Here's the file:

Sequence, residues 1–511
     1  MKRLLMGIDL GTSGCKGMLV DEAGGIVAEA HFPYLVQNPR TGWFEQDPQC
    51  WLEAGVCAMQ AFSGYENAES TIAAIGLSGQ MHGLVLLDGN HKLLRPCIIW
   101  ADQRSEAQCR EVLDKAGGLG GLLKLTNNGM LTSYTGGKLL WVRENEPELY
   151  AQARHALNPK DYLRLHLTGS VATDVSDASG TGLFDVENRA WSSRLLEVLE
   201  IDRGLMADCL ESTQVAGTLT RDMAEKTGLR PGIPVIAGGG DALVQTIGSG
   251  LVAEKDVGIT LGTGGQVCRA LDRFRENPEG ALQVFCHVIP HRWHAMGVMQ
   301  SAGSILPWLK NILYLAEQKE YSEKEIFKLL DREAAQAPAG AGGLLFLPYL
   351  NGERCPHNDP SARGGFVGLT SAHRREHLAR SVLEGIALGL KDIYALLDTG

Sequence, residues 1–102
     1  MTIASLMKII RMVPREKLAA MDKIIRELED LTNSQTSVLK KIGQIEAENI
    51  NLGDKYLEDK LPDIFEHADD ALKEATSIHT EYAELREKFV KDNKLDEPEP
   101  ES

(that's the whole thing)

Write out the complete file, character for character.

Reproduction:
Sequence, residues 1–511
     1  MKRLLMGIDL GTSGCKGMLV DEAGGIVAEA HFPYLVQNPR TGWFEQDPQC
    51  WLEAGVCAMQ AFSGYENAES TIAAIGLSGQ MHGLVLLDGN HKLLRPCIIW
   101  ADQRSEAQCR EVLDKAGGLG GLLKLTNNGM LTSYTGGKLL WVRENEPELY
   151  AQARHALNPK DYLRLHLTGS VATDVSDASG TGLFDVENRA WSSRLLEVLE
   201  IDRGLMADCL ESTQVAGTLT RDMAEKTGLR PGIPVIAGGG DALVQTIGSG
   251  LVAEKDVGIT LGTGGQVCRA LDRFRENPEG ALQVFCHVIP HRWHAMGVMQ
   301  SAGSILPWLK NILYLAEQKE YSEKEIFKLL DREAAQAPAG AGGLLFLPYL
   351  NGERCPHNDP SARGGFVGLT SAHRREHLAR SVLEGIALGL KDIYALLDTG

Sequence, residues 1–102
     1  MTIASLMKII RMVPREKLAA MDKIIRELED LTNSQTSVLK KIGQIEAENI
    51  NLGDKYLEDK LPDIFEHADD ALKEATSIHT EYAELREKFV KDNKLDEPEP
   101  ES